Using Major Court Cases to

Teach Social Justice

Social justice, or rather social injustice, has been the topic on every news channel, website, and everywhere on social media. And for good reason. Recent events surrounding the many deaths of black men and women at the hands of white police officers and the protests calling for action have brought to light a myriad of issues, chief among them being systemic racism. 
However appalling and incomprehensible, systemic racism is not new and is no longer lurking in the shadows. Students are reading about it, hearing about it, and adding to the discussion. Some students are even living it. This makes it all the more imperative that social justice and social injustice be a significant part of the curriculum in today’s schools to give students the tools they need to think critically about and participate in the discourse. 
Make no mistake, injustice is everywhere and perpetuated by every institution, especially the legal system. This is why it is crucial to study court cases that highlight systemic racism and help shape society’s response to it. 
Every semester I teach at least two courses on social justice, and there never seems to be enough time in the term to address all of the nuances that the subject entails. A cornerstone in these courses is the study and analysis of court cases pivotal in the fight for social justice.  

The topics and areas of discussion (and debate) tantamount to social justice include individual versus collective rights, intention versus outcome, categorical versus hypothetical imperatives, and law versus justice, all of which address the social injustice perpetrated through the legal system. I recommend teaching the following cases:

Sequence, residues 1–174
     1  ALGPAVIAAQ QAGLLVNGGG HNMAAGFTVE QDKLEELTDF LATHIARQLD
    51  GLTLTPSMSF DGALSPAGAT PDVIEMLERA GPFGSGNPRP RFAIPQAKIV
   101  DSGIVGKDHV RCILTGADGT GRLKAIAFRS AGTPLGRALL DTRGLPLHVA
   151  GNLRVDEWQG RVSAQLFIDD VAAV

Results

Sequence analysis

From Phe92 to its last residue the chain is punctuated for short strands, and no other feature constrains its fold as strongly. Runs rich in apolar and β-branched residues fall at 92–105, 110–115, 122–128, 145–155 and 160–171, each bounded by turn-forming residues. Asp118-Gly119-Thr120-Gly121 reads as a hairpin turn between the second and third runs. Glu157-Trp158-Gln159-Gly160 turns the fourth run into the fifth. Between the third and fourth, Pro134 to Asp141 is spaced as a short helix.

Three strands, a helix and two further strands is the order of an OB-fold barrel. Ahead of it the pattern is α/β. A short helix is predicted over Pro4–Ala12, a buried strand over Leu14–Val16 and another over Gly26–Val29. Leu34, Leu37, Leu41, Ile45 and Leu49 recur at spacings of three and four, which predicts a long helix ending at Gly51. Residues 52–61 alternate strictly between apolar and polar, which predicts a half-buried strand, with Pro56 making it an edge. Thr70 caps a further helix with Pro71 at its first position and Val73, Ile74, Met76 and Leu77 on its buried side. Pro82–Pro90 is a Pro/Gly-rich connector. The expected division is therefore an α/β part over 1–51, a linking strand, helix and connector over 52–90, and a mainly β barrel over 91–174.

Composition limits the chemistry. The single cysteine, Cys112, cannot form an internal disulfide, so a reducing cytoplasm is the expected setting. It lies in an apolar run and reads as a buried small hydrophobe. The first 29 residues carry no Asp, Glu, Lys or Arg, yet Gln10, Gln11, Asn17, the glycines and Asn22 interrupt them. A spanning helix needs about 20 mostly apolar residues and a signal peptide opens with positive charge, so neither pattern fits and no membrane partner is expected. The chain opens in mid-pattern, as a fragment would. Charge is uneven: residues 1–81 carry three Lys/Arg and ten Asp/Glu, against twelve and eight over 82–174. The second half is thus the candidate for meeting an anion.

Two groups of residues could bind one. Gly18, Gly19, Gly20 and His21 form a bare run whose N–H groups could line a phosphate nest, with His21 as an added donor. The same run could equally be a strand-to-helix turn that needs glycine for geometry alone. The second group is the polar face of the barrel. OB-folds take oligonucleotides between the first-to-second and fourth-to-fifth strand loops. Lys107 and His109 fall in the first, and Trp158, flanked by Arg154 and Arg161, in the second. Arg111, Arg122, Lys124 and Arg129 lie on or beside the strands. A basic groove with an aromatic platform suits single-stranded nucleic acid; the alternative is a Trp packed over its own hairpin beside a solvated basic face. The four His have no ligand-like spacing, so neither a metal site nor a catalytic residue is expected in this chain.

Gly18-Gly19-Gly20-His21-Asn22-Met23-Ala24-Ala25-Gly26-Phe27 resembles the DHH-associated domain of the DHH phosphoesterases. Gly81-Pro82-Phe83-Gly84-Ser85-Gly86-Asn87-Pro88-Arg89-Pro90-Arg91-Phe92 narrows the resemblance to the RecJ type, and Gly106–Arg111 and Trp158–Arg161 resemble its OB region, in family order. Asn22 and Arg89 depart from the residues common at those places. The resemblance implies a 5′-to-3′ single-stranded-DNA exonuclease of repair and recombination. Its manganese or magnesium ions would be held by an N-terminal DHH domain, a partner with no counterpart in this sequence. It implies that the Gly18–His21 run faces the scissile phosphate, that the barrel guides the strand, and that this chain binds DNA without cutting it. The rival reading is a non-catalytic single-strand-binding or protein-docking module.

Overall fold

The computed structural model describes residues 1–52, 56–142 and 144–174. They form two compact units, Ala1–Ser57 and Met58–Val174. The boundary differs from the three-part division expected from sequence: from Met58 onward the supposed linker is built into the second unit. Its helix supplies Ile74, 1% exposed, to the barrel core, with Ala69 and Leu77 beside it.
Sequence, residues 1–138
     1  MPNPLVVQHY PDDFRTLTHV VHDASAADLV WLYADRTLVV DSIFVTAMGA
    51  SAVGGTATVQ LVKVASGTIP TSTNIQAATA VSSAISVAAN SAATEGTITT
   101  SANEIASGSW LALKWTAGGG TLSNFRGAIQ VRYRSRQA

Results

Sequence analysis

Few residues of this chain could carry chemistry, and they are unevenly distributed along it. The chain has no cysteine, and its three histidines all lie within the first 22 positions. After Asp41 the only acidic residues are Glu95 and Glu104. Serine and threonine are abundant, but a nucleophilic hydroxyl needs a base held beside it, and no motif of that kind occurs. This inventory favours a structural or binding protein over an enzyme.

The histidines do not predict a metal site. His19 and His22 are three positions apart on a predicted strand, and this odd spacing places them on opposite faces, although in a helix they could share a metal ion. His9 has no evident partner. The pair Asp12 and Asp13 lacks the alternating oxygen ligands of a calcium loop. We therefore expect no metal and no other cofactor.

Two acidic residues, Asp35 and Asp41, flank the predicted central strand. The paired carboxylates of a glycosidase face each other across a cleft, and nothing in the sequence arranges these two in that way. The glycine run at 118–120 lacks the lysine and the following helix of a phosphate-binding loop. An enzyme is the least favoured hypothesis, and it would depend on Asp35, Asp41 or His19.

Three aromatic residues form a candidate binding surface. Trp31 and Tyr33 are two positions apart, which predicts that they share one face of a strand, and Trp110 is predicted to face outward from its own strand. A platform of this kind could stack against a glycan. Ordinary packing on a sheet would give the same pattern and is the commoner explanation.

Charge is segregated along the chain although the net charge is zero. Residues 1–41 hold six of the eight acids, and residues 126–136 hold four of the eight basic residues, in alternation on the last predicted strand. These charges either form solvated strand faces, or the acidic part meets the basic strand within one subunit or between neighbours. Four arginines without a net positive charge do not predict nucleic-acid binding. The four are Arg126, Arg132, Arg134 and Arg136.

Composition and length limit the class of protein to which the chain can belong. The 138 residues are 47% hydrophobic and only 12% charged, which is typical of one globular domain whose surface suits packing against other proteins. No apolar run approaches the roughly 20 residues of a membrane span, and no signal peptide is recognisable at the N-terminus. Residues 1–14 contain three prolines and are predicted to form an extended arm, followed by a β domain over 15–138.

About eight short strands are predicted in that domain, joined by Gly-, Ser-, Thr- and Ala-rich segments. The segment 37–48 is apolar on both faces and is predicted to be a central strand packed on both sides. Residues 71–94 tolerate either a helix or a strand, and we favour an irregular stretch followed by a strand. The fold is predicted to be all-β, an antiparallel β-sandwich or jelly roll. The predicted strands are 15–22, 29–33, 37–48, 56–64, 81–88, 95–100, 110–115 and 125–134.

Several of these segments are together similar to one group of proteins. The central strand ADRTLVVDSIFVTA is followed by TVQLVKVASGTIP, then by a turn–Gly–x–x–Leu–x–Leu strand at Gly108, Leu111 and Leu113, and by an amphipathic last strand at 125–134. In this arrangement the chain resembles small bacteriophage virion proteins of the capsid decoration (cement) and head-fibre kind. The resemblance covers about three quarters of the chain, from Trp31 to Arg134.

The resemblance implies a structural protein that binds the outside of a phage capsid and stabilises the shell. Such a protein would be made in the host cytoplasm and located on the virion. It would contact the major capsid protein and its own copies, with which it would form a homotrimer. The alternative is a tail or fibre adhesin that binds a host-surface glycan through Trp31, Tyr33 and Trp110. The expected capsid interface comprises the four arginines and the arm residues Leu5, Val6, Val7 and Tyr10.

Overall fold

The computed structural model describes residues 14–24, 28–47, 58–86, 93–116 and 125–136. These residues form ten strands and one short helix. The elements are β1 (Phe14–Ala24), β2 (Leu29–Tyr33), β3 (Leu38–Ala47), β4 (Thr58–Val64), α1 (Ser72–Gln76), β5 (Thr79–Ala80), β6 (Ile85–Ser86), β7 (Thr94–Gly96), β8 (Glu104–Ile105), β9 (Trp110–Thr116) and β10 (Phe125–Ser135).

• The Scottsboro Boys
  • Mississippi Burning 
  • Brown vs Board of Education 
  • The OJ Simpson Trial
  • The Leo Frank Trial
  • Emmett Till
  • The Rodney King assault case
  • Rubin “Hurricane” Carter case
  • Amistad Trials
  • Dred Scott v. Sanford
  • Massie Trials
  • LAPD (King Beating)
  • George Zimmerman (Trayvon Martin) Trial 
In my classes I provide the philosophical background of these cases to help shape the debate over the topics mentioned above. To achieve the level of critical thinking, discussion, and debate, while keeping students engaged and tuned in, I have students create infographics and posters of these court cases. 
Infographics and posters are an excellent way to engage students at the top levels of Bloom’s Taxonomy (analyze, evaluate, create). My students really enjoy these activities because they can be used to review for an exam, prepare for a debate, and can even be a great alternative to essays! 

These two assignments are perfect for online learning! Your students can follow the rubric and create their poster or infographic online and then submit through Google Classroom! I find that showing examples helps a tremendous amount, so I now do this part through Google Meet. I share my screen and walk through the steps and the sample projects.
I have an Infographic assignment I use when teaching the Scottsboro Boys trials, but you can do this activity with any of the trials mentioned above. Here is what is included:
  • A rubric that shows students what is expected in their finished product. It provides a colorful guide in the form of an Infographic created from Easelly.
  • Same guide in a black and white printable format.
  • Instructions for students as a PDF.
  • Instructions that I give my own students – in a partially editable interactive format using Google Slides
  • Instructions for teachers.
  • Tips for teachers and students.
  • Student examples
Here is an example from the Massie Trials:

Here is what is included in my Poster Project on famous trials: 
  • Two rubrics: one that includes philosophy and one that does not
  • Editable student instructions
  • Instructions for teachers
  • Example websites for students to create their posters
  • Tips for students and teachers
  • Student examples
  • Example citation page

Here is an example of a poster when studying the Rubin “Hurricane” Carter case:
Other products related to social injustice: 
If you have any questions about any of my products, please leave me a comment! 

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